Tuesday, February 18, 2014

A little knowledge is....a little knowledge

Remember that Gallup poll about creationism in America?

Gallup has asked Americans to choose among these three explanations for the origin and development of human beings 11 times since 1982. Although the percentages choosing each view have varied from survey to survey, the 46% who today choose the creationist explanation is virtually the same as the 45% average over that period -- and very similar to the 44% who chose that explanation in 1982. The 32% who choose the "theistic evolution" view that humans evolved under God's guidance is slightly below the 30-year average of 37%, while the 15% choosing the secular evolution view is slightly higher (12%).

Well, it ain't that America is full of Tea Party loonies and fundamentalist know-nothings.  It seems

The NSF conducts the poll on some basic science facts every two years, The Atlantic reported. The foundation said there has been little change in the percentages of correct answers since 1992.

Generally, U.S. residents showed a knowledge of science comparable to those of other countries with high levels of education, including Japan, the European Union and South Korea, the NSF said. In fact, they did better than EU residents on the question about whether Earth moves around the sun.

The most recent survey of more than 2,200 people was conducted in 2012 and just released.

On two controversial questions, whether the universe began with a large explosion and whether humans are descended from other species, fewer than half in the United States said those are true.

The Atlantic said those percentages go up by a significant amount when the questions are rephrased to ask if the big-bang theory and evolution are scientifically accepted.

No other polling data or methodology details were reported.

You could say it's a wonder tall trees ain't layin' down.  Or you could realize that this is about as far as education reaches, no matter where you live on the globe, or when, You can also take heart that we're doing better than the EU.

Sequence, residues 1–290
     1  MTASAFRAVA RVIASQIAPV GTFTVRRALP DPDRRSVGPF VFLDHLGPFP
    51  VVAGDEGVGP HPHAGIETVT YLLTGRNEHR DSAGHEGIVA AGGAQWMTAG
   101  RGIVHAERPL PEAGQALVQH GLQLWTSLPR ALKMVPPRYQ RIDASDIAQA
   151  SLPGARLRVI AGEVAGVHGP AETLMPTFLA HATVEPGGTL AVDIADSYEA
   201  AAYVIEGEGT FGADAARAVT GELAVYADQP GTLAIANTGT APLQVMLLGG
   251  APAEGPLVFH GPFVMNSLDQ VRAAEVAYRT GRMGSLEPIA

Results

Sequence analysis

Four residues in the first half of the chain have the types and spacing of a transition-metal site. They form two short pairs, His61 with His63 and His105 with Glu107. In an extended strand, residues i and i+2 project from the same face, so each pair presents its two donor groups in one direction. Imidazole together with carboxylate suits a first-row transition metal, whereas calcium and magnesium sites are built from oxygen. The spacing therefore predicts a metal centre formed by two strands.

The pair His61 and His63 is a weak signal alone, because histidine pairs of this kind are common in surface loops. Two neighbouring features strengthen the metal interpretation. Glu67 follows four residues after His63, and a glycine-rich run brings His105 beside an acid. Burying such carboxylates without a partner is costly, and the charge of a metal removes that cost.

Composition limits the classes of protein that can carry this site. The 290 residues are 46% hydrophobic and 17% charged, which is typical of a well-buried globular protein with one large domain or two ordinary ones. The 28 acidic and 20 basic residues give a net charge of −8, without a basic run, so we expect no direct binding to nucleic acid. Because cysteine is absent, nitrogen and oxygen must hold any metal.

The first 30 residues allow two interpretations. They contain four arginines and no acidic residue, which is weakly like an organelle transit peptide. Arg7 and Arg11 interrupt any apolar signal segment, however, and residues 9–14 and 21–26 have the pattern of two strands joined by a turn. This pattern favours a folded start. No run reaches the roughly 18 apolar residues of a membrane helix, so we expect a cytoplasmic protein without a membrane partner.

Me, I think of all the atheists I've met online who mock Christians who don't know anything about Christian doctrine. Seems to me every American spends more hours of their young life in science class than in Sunday school.

Maybe it depends on how you phrase the question.....


  1. I wonder how knowledge of evolution compares with, say, knowledge that time is diluted according to relative speed or the presence of a stronger gravitational field. These are ideas now accepted for over a century, with no religious objections, but I suspect they would be strange, and doubted by most, simply because of a lack of eduation.

  2. Call it the" theory of relativity," no one would blink. Describe it as you did, some would probably reject it.


    BTW, my 4yo knows the Earth orbits the Sun, and can almost say 'heliocentric' (heeyeeohdentric). He also knows Earth is rotating, which is why we have day and night and the moon "changes shape."

  4. BTW, my 4yo knows the Earth orbits the Sun, and can almost say 'heliocentric' (heeyeeohdentric). He also knows Earth is rotating, which is why we have day and night and the moon "changes shape."

    My takeaway from this is that most people learn this, at least in the EU, US, Japan, South Korea: but it doesn't matter that much to their daily lives whether the solar system is heliocentric or geocentric.